Hospital IT Team uses Technology to Improve Lives, Save Money, Time

Story Number: NNS121012-24Release Date: 10/12/2012 3:07:00 PM
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By Dan Barber, Naval Hospital Twentynine Palms Public Affairs

NAVAL HOSPITAL TWENTYNINE PALMS, Calif. (NNS) -- Naval Hospital Twentynine Palms has set a goal to significantly decrease overall command operations cost and increase productivity with the latest technology.

"Our goal is to leverage technology in different areas making peoples jobs easier and faster," said Craig Palmer, chief information officer of the Naval Hospital.

An example of this technology innovation is with the addition of virtual computer log-on for Medical Home (Med Home) providers.

"In the case of the Med Home providers, the IMD [Information Management Department] staff has been very sensitive to their needs," Palmer said. "It used to be that the patient was moved around to our staff, now our staff is moved to the patients," Palmer said. "We figured that it was conceivable that there would be about three people trying to log into a computer in a 20-minute exam in the same exam room. Normally, the log in time on each computer takes roughly three minutes. We tried to figure out what we could do to help. We basically did a technology insertion for our Med Home staff, which has worked out so well that it is being incorporated in other parts of our hospital and clinics," Palmer added.

"We were able to get the log in time on Exam Room computers, down from about three minutes to approximately 18 seconds... our ultimate goal is to get that time down to three seconds."

Palmer added, "If a provider logs on 14 times a day (which is typical) and they are saving two and a half minutes per log on, the time saved can add up pretty quickly. A real big bonus is before, because of computer log-on times, they weren't always able to enter their clinic notes in CHCS [Composite Health Care System] and AHLTA [Armed Forces Health Longitudinal Technology Application] records while in the exam room. This technology now empowers the providers to be able to enter their notes while in with the patients."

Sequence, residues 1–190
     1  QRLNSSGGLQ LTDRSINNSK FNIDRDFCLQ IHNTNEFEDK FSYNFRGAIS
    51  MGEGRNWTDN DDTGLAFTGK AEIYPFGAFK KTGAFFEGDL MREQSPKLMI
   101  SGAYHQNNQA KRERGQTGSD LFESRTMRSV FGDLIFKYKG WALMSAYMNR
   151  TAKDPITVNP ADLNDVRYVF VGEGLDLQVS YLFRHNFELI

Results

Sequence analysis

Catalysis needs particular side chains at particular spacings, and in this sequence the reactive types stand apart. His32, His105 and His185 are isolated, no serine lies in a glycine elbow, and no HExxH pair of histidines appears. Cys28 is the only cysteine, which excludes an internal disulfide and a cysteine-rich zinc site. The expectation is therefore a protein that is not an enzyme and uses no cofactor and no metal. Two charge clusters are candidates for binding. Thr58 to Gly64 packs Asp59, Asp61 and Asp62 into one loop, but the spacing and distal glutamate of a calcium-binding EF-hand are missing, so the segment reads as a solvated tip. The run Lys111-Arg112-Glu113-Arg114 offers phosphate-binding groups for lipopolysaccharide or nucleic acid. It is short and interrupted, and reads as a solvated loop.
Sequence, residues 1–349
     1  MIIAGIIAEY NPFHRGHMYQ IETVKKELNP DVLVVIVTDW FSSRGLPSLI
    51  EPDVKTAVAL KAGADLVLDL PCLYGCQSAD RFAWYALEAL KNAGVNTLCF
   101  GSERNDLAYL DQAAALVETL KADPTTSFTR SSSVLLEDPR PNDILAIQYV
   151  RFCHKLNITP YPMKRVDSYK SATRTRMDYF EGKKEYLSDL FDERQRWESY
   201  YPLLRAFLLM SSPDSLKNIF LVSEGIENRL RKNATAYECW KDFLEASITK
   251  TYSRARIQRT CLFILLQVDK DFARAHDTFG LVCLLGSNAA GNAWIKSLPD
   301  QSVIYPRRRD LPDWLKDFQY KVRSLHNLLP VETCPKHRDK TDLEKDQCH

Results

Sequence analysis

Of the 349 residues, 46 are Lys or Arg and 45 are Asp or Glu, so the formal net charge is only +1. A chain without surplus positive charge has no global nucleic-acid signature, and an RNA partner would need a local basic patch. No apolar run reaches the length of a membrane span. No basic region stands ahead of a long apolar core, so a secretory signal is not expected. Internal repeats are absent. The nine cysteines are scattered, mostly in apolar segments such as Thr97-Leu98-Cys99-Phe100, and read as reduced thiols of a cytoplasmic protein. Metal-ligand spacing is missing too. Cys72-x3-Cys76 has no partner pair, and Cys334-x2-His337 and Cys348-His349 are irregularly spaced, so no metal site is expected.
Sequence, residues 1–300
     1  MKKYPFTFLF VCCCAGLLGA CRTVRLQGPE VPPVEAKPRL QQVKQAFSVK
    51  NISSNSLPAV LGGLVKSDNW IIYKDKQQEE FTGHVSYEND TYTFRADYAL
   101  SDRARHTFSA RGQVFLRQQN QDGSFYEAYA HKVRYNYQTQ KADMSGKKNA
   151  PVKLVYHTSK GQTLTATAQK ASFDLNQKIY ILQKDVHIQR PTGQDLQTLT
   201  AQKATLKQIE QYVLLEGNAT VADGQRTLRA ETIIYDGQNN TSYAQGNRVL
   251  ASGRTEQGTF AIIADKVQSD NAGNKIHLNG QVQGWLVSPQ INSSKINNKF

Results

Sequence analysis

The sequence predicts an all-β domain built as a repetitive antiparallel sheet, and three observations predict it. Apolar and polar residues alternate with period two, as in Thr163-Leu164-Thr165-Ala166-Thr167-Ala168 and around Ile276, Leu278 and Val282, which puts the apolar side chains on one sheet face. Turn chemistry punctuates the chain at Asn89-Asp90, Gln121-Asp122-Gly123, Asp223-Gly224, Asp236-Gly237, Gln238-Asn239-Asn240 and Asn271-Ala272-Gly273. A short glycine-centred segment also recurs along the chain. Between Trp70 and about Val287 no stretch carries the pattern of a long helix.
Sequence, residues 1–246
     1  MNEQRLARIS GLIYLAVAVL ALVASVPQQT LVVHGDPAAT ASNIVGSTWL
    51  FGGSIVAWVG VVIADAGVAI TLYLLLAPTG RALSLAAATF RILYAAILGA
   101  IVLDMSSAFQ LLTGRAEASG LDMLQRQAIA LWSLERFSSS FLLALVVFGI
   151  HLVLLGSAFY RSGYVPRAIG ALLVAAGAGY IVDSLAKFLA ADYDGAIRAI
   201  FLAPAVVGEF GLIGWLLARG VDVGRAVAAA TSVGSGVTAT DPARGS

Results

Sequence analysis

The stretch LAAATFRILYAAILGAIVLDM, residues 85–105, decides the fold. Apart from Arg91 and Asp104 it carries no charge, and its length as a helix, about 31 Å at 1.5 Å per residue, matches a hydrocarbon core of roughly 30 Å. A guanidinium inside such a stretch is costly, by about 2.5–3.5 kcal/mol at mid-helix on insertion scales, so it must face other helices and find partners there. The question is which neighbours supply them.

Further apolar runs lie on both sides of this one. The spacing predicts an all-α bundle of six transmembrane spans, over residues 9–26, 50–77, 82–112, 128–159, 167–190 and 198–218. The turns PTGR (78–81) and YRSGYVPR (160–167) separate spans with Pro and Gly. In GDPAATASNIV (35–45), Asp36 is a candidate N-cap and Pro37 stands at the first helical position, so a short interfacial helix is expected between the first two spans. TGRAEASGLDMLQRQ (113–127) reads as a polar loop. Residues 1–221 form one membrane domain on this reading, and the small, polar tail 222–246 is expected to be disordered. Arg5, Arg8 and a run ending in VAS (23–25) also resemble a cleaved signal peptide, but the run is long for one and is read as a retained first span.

Palmer pointed out that providers report that they are now able to get out of the hospital an hour or more earlier most days then they did before. "This technology not only allows for better patient care, but it is adding to the quality of life for our providers," said Palmer.

Cmdr. Raul Carrillo, Nurse Corps, Medical Services deputy director and department head, Emergency Medicine Department was the key clinical contact for the project. Carrillo reports, "Virtual log-on for providers has increased productivity, it also gives the staff the ability to pull out their CAC [Common Access Card] from one station and move to the next. The clinic staff calls it 'follow me CAC' allowing staff to move from exam room to exam room."

"The time saved with virtual log-on will also allow our people to be able to work on Relay Health, a secure web-based program to provide better communications with our patients, and to allow the providers more time to complete their charts," said Carrillo.

The bottom line is, with the technological advances taking place at the hospital, it will improve patient care, decrease overall costs, work-hours and add to the quality of life for staff, which will lend itself to making this command a health care facility of choice, and a work place of choice for staff.

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